This is my last reflection on what proved a fascinating and hilarious recent trip to Rome and Sicily. It concerns driving in Italian cities, and how it’s almost impossible, in those narrow medieval streets which frequently follow the original ancient Greek grid-pattern, to avoid scrapes and scratches. Yet, in some ways, the seemingly incessant horns, bumps and near-misses mask an approach to driving based on eye-contact and negotiation, something which works rather well in action and from which we might even learn in the UK. So this is not a criticism of Italian traffic: on the contrary, this recent trip convinced me that they have some things very right.
I’m not talking about Rome (we did that on foot), but Catania, where our hire firm’s generous upgrade from our desired tiny Fiat to a larger car was anything but an advantage. In Catania we’d booked a hotel right in the middle: in the evenings, when on holiday, we like to park the car, join the crowds enjoying their passeggiata and, while wandering, find somewhere to eat (for my views on eating well in Italy, see my previous piece!).
Getting to the centre, unfortunately at afternoon rush-hour, was alarming – until we realised that there is a method in all the hooting, lurching forward, stopping, starting and creeping. Catania maybe Sicily’s second city, but it betrays its origins as the Greek city of Katane in its central grid of tiny roads. There aren’t many traffic lights, but intersections and crossroads without number. So how do they negotiate them all?
The answer lies in that very word. Yes, they hustle and push: but if, as a visitor, you can unfreeze yourself from the first attacks of mortal terror, you quickly realise it’s all a question of give-and-take. You shove your nose out of the side-turning. The driver closest to you isn’t going to let you into the flow, and pushes on: but the next one accepts the reality of your bonnet now being that bit further forward, and you’re out. And it really begins to work. Generally, even the hooting starts only when a single culprit refuses to play to those rules of eye-contact, bluff and negotiation.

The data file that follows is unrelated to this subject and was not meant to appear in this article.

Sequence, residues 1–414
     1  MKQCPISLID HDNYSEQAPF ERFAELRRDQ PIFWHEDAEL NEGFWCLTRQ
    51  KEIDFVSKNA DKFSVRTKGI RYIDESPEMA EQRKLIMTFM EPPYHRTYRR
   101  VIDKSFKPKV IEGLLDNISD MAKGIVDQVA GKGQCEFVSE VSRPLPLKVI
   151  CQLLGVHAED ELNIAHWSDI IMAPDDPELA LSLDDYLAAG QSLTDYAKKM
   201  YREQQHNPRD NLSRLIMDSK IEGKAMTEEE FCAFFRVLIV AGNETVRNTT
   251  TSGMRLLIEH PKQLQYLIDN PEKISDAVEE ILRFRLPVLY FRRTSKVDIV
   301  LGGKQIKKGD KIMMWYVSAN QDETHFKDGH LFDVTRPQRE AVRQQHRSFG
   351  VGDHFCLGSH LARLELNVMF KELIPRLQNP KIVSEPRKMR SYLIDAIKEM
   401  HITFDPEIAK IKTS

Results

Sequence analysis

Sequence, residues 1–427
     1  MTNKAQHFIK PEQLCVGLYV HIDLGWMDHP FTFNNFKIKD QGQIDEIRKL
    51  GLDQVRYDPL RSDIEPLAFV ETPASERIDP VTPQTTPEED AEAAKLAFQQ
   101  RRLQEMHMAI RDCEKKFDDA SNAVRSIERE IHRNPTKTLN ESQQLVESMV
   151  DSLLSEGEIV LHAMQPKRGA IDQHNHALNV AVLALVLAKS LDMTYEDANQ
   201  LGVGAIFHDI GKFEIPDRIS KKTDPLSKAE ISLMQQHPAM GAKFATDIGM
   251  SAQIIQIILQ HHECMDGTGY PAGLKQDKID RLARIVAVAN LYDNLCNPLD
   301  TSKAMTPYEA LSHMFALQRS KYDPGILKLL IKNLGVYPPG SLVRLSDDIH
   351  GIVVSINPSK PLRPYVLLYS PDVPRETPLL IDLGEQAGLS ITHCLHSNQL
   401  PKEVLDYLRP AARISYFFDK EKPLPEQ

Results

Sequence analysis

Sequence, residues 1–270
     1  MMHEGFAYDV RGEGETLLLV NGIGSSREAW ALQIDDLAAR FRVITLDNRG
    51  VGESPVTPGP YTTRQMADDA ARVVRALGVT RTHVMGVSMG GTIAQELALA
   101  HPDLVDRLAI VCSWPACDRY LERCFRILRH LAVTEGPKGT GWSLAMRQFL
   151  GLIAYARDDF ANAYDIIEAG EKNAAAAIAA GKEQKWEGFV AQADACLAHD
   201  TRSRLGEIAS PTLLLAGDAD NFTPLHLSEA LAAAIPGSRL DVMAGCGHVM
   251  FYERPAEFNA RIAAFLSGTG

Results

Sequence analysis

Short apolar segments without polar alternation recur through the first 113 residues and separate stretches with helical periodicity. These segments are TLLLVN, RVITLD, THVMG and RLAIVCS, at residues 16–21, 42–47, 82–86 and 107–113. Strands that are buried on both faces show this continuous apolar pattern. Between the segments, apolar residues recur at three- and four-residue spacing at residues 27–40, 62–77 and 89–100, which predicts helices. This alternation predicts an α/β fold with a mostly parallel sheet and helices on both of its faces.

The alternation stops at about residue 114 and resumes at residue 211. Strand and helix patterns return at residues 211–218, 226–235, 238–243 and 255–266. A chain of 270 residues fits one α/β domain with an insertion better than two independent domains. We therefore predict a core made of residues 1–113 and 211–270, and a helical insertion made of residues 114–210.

A lesson for Brexit negotiators, perhaps?
There is a cost, of course. I’ve illustrated this piece with random examples of the scratched cars that abound. I guess, because I haven’t asked anyone, that if you’re driving under those conditions and parking in such tight spaces, you accept that your car will accumulate superficial damage. It won’t write you car off, and in that climate there seems little rust: but there’s no purpose, I’d suggest, in being desperately proud of your gleaming new motor, treasuring it and polishing it.
And that’s really my point. You could argue that in the UK we’re slaves to controls and signals, and we generally curse our city traffic. But there are exceptions: in Oxford, for example, where by the station (formerly a traffic nightmare) there are new roundabouts without lines and defined by road colour alone, eye-contact and negotiation are called for – and they seem to work.
If I may become a little Zen for a moment, I wonder if we’re just too wedded to our gleaming paintwork: the more relaxed, realistic attitude we witnessed in Catania, that willingness to live with low-level bumps and scratches, might perhaps reduce anxiety and even road-rage. And keep the traffic moving.
It’s worth some thought, at any rate. And perhaps it gives me an excuse to return to Italy sooner rather than later – purely in the spirit of research, of course!